We were here. Before the English arrived, before the Makassins sailed from the north, before the Dutch landed. Back in age when giant animals roamed the land.
Over 50,000 years ago, our people made the first open sea voyage in human history as we left Africa to discover Australia. Our footprints were the first in a startling land filled with strange and deadly plant and animal forms that had been developing in isolation for 65 million years.
A glorious film tells the epic story of Aboriginal settlement of Australia. They were the original pioneers of all humankind who embarked on a journey out of Africa to cross oceans. It is a story of ancient life on the driest continent on earth through the greatest environmental changes experienced in human history: ice ages, extreme drought, and inundating seas. It is chronicled through astonishing archaeological discoveries, ancient oral histories, and the largest and oldest art galleries on earth.
Australia’s first inhabitants were the first people to believe in an afterlife, cremate their dead, engrave representations of the human face, and depict human sound and emotion. They created new technologies, designed ornamentation, engaged in trade, and crafted the earliest documents of war. Ultimately, they developed a sustainable society based on shared religious tradition and far-reaching social networks across the length and breadth of Australia. Profoundly moving stories of descendents who preserve their past and their family history demonstrate a continuity of tradition that is unequaled on earth.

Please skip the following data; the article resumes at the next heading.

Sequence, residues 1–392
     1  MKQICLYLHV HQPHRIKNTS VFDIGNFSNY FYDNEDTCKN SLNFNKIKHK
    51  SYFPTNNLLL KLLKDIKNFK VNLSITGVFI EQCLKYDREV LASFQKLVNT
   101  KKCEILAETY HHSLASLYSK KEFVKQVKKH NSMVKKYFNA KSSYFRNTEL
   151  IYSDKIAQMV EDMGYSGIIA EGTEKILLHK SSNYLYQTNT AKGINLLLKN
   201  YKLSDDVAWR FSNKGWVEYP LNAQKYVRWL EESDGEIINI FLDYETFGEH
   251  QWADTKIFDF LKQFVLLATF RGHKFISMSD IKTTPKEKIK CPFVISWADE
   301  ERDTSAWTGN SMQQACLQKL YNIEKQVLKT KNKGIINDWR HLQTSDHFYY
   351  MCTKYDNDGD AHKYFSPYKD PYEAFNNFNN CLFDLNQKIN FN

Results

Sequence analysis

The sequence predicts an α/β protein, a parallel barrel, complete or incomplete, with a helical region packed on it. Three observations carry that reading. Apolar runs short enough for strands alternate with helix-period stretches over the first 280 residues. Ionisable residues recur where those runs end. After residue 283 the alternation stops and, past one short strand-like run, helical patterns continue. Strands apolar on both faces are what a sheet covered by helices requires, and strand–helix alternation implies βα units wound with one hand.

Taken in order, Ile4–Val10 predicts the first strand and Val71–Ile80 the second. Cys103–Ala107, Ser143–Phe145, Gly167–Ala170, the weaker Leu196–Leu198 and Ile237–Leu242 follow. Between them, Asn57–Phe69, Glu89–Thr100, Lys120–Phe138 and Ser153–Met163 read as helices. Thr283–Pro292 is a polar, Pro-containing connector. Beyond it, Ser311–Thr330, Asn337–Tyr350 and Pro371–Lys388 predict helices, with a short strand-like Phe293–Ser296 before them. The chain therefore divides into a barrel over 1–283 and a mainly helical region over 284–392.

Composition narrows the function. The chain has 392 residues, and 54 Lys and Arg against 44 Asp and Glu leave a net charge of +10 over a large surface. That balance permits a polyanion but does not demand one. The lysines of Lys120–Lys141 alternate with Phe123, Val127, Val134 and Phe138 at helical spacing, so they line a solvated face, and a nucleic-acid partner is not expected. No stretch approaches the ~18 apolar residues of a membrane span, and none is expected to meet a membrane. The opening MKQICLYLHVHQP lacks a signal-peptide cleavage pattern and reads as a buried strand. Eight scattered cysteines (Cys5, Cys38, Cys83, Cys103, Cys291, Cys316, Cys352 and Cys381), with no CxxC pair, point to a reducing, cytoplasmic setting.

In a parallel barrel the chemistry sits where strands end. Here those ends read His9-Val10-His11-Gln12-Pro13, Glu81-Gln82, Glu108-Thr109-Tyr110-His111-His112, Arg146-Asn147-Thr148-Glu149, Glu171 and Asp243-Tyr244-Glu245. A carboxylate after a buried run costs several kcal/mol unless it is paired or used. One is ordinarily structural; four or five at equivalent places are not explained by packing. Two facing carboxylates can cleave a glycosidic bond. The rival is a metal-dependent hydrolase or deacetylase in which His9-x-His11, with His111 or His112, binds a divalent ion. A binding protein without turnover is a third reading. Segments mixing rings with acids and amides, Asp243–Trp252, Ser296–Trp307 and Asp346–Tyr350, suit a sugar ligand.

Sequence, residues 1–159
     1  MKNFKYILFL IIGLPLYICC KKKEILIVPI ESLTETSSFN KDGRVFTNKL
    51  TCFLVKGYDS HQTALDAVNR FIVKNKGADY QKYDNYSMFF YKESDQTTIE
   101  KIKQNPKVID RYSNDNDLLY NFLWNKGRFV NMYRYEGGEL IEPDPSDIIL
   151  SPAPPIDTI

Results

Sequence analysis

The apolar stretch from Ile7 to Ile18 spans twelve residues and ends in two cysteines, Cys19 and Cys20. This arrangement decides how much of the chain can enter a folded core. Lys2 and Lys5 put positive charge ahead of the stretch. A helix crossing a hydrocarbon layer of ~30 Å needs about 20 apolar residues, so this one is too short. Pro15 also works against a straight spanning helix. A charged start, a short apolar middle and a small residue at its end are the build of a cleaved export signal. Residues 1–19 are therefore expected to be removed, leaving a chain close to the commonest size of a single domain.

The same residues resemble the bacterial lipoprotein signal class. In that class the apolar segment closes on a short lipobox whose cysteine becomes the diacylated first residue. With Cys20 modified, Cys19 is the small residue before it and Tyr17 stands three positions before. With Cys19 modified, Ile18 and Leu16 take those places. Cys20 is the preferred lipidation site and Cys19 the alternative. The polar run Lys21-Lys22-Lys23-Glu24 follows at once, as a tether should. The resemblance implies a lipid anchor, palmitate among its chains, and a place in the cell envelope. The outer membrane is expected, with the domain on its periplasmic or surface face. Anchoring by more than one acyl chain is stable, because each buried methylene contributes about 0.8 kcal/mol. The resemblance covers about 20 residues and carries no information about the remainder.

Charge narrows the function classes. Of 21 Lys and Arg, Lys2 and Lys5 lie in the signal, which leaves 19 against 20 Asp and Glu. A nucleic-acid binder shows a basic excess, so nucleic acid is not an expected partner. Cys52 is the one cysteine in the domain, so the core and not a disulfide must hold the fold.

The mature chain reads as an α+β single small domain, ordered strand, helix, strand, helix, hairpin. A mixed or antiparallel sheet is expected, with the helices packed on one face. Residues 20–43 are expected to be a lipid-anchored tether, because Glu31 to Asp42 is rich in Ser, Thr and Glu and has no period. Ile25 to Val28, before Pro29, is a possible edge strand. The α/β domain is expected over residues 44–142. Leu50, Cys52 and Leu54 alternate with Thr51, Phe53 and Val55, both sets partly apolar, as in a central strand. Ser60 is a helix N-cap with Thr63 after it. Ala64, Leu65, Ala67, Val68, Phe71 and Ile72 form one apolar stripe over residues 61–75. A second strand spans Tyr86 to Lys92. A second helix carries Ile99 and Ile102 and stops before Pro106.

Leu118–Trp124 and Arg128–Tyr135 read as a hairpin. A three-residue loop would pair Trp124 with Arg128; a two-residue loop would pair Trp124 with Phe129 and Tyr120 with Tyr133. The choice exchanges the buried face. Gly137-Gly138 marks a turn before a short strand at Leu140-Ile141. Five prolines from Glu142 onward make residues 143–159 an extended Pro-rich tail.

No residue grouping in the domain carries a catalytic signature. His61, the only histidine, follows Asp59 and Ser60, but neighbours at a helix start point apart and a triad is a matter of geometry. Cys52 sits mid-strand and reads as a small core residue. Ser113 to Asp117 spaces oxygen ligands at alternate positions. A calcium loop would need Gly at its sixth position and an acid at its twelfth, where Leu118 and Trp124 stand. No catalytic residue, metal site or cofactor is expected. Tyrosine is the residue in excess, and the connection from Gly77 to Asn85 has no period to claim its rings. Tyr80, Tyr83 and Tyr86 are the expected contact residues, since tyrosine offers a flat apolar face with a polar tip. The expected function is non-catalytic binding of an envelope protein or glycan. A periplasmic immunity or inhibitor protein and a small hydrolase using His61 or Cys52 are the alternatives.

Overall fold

Prof. Peter Veth, one of the stars of the film will introduce the evening and then lead a discussion and answer questions following the screening, taking place on Wednesday, January 27, 2016.
The following Thursday, January 28, 2016. Prof. Veth explores the meaning and significance of Aboriginal art. As humans, we are constantly creating art. Australian Aboriginal rock art represents one of the oldest living traditions on the planet and informs us about the very nature of our cognitive origins.
Aboriginal art is unique and exceptional because of its age and because, alone among all art traditions, it allows us a peek into the ancient mind, revealing their preoccupations and motives. Why did this group of people feel so compelled to decorate their landscape and what meaning did it hold for them? Why does art make us human?
Prof. Veth and his team just made international news a few weeks ago with their announcement of a discovery that pushed back the earliest settlement of Australia to more than 50,000 years. Hear one of the world’s leading experts on rock art and Aboriginal life at his talk on Thursday, Jan. 28, 2016 at the Houston Museum of Natural Science.
For more information on the film and about Prof. Peter Veth, please see the following links:
Film Screening: 6:30 pm., Wed. Jan. 27, 2016, Houston Museum of Natural Science
Lecture: 6:30 pm., Thursday., Jan. 28, 2016, Houston Museum of Natural Science
For more information, call 832.634.6344 or visit aia-houston.com
AIA-Houston is grateful to Schlumberger for their generous support. In addition, we also extend thanks the Australian Chamber of Commerce and the Houston